HIV Research with Men who Have Sex with Men (MSM): Advantages and Challenges of Different Methods for Most Appropriately Targeting a Key Population

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Abstract

The difficulty in accessing hard-to-reach populations as men who have sex with men presents a dilemma for HIV surveillance as their omission from surveillance systems leaves significant gaps in our understanding of HIV/AIDS epidemics. Several methods for recruiting difficult-to-access populations and collecting data on trends of HIV prevalence and behavioural factors for surveillance and research purposes have emerged. This paper aims to critically review different sampling approaches, from chain-referral and venue-based to respondent-driven, time-location and internet sampling methods, focusing on its main advantages and challenges for conducting HIV research among key populations, such as men who have sex with men. The benefits of using these approaches to recruit participants must be weighed against privacy concerns inherent in any social situation or health condition. Nevertheless, the methods discussed in this paper represent some of the best efforts to effectively reach most-at-risk subgroups of men who have sex with men, contributing to obtain unbiased trends of HIV prevalence and HIV-related risk behaviours among this population group.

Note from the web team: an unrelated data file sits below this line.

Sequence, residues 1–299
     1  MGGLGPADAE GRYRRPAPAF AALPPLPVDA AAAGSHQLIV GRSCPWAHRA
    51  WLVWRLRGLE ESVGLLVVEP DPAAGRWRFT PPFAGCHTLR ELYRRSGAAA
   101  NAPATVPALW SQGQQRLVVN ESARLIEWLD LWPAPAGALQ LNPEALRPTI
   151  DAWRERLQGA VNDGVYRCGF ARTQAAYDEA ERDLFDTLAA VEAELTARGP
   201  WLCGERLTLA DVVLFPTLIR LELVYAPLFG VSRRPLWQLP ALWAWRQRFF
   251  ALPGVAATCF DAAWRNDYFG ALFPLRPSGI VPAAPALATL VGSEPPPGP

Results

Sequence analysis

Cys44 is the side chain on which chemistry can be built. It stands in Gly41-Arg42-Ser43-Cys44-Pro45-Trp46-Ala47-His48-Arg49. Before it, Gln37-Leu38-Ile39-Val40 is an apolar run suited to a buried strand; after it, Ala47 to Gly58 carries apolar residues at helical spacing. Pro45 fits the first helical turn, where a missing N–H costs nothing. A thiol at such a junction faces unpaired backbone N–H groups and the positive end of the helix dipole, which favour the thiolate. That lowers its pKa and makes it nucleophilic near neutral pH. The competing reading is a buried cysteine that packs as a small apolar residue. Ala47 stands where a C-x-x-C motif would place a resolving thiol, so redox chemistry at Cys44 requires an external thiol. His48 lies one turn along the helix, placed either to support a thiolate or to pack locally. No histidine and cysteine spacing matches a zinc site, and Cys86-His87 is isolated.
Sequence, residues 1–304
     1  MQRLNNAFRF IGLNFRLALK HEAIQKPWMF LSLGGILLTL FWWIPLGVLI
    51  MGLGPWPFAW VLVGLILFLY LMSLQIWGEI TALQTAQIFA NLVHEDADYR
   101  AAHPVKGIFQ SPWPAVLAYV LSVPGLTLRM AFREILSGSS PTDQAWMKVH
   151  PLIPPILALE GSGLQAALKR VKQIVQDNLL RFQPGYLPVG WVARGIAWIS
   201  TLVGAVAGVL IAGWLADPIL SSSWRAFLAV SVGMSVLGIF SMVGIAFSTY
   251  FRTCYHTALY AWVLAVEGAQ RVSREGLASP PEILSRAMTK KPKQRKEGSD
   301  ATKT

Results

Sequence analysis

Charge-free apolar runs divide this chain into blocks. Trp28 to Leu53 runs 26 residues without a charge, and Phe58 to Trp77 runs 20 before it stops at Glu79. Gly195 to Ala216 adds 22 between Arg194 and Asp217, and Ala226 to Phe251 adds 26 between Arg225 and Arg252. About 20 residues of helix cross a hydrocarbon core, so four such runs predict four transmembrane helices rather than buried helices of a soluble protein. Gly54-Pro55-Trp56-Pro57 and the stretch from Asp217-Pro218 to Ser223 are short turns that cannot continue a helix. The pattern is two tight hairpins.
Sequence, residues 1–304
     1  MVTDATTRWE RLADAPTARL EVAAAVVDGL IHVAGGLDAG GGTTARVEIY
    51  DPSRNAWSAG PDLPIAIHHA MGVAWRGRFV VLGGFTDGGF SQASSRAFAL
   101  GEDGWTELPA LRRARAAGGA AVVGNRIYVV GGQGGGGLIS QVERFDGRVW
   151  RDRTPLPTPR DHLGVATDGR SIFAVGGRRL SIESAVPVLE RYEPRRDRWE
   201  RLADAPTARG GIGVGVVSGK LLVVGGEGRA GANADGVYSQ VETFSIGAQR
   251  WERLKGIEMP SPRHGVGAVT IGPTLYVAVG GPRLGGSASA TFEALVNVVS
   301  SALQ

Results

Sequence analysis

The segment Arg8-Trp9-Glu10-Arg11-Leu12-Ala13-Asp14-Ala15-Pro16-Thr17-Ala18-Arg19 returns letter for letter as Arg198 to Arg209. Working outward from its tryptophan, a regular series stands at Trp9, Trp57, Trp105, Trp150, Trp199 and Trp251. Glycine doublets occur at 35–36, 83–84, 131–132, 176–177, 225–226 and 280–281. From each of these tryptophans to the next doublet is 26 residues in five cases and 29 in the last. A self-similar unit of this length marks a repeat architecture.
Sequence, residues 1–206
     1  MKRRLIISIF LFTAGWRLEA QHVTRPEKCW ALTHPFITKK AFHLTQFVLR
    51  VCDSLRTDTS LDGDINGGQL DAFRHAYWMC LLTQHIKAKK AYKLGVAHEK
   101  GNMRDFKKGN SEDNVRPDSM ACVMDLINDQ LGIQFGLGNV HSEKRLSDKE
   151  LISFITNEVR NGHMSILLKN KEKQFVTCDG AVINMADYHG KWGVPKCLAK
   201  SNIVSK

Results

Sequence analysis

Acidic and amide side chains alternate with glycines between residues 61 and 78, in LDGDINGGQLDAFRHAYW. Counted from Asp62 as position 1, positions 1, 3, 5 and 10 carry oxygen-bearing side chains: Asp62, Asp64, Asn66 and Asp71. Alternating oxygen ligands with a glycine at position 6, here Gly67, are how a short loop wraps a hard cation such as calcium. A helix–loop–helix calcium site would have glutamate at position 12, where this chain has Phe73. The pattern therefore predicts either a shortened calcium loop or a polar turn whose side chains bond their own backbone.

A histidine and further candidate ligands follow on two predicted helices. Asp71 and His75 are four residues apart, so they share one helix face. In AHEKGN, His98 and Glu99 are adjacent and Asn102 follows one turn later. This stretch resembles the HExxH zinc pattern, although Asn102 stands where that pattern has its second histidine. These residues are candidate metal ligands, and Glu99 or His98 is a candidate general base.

Original languageEnglish
Pages (from-to)221-239
Number of pages19
JournalAIMS Public Health
Volume4
Issue number3
DOIs
Publication statusPublished - 17 May 2017

Keywords

  • HIV
  • Men who have sex with men
  • Research
  • Sampling methods
  • Surveillance

UN Sustainable Development Goals (SDGs)

  • SDG 3 - Good Health and Well-Being

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